It used to be that my mornings were filled afresh with numerous decisions like choosing an outfit, deciding what to eat for breakfast, contemplating whether to cancel a 9am conference call, worrying about finding a new designer, trying to coordinate household tasks, and so on. I was spending my will power fast and easy because I assumed there was an infinite supply if I just dug deep enough or tried harder.

By the time the important decisions came around in the evening, I’d already spent my lot. Simple, no-brainer decisions like going to the gym after work or spending quality time on my side-projects could be agonizing. Important things were sidelined by trivial tasks earlier in the day.

Decision fatigue can easily creep up into your life if you don’t make efforts to control it.

But there’s actually an easy fix. The most productive people create systems that remove decision fatigue and ego depletion from daily life. If you think about it, that’s a really powerful way to focus on the minority of tasks that will give you the majority of payoff.

So what are the systems that work best? Let’s start by looking at the masters.


What do President Obama, Tim Ferriss and Thomas Edison all have in common?

They have mastered their daily routines. This is no coincidence. There is a high correlation between productivity and routine – something that makes perfect sense when you consider how a routine removes constant decision-making from your life.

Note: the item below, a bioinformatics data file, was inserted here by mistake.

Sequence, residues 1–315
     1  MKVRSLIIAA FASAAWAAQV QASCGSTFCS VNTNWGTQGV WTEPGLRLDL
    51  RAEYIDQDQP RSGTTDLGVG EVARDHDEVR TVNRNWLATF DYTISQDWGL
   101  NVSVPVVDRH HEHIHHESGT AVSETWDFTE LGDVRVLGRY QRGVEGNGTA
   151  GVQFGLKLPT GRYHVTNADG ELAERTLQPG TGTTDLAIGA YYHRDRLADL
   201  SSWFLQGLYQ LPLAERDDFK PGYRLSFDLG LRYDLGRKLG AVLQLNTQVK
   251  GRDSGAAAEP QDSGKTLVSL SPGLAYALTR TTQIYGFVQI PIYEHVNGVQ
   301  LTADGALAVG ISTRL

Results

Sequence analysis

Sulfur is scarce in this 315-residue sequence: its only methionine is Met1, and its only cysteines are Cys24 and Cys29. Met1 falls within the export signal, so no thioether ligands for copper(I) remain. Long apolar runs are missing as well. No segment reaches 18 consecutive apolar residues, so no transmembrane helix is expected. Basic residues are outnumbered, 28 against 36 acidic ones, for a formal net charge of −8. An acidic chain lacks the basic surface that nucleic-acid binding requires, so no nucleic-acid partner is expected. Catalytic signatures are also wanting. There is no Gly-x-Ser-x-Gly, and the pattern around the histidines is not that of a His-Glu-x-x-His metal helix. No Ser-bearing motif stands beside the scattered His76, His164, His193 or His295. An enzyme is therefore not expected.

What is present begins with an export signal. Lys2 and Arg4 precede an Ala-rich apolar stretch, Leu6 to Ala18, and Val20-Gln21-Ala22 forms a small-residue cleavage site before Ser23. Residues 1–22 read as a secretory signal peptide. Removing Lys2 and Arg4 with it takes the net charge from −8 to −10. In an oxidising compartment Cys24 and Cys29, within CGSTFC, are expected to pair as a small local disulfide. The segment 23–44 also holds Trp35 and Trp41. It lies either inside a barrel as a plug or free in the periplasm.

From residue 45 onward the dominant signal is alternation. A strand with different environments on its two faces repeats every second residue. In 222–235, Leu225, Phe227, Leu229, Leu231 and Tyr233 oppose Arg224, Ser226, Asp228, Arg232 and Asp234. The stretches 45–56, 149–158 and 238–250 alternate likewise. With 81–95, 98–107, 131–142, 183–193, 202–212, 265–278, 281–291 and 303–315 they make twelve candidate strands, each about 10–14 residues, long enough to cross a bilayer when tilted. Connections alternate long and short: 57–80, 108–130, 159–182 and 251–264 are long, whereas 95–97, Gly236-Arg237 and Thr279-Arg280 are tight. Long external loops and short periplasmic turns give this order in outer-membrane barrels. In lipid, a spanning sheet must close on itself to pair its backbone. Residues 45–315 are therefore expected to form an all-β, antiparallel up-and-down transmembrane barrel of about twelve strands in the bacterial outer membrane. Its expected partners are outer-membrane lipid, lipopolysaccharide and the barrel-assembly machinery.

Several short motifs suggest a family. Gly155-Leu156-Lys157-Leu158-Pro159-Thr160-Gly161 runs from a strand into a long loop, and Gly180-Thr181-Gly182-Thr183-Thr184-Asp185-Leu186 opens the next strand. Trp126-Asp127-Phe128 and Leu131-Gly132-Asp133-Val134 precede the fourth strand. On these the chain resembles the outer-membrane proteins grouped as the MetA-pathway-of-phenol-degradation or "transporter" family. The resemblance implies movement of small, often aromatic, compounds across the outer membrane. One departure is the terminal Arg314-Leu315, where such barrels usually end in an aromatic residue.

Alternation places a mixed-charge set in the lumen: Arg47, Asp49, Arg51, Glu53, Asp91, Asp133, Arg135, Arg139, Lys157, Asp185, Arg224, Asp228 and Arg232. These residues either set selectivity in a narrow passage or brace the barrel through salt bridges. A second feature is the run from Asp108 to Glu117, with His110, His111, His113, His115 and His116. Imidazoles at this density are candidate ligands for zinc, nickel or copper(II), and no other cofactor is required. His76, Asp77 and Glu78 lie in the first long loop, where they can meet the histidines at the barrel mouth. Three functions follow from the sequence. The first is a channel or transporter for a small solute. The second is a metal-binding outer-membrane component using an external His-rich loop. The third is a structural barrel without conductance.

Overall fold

Along with a predictable morning routine that includes exercise, President Obama doesn’t waste time with small tasks. In a 2012 interview, he shared his reasoning. “I’m trying to pare down decisions. I don’t want to make decisions about what I’m eating or wearing. Because I have too many other decisions to make.”

Tim Ferriss, a favorite productivity genius of ours, gives an even rarer glimpse into his daily routine in his wildly popular podcast The Tim Ferriss Show (Episode 51). Like many of his peers, Tim uses Decision Fatigue to his advantage and structures his daily life around the concept.

Thomas Edison’s musings on work and sleep are all well documented, and he too adhered to a strict routine. Even today, experts from the fields of sleep, productivity and psychology have exalted the virtues of a morning routine that helps signal to your brain that the day has begun.


Choose A Method For The Madness

In addition to routine, adhering to a specific productivity method can be a fantastic way to manage will power throughout the day. We’ve even got a quiz to help you choose a method that complements your working style.

But if those aren’t enough, try a couple new ones that might just work:

10-Minute Rule: This stems from the age old advice of breaking down complex challenges into smaller, more manageable tasks. The 10-Minute Rule is a more lenient working style created by management consultant Michelle Bryant where all tasks are broken down until they can be done in 10 minutes or less.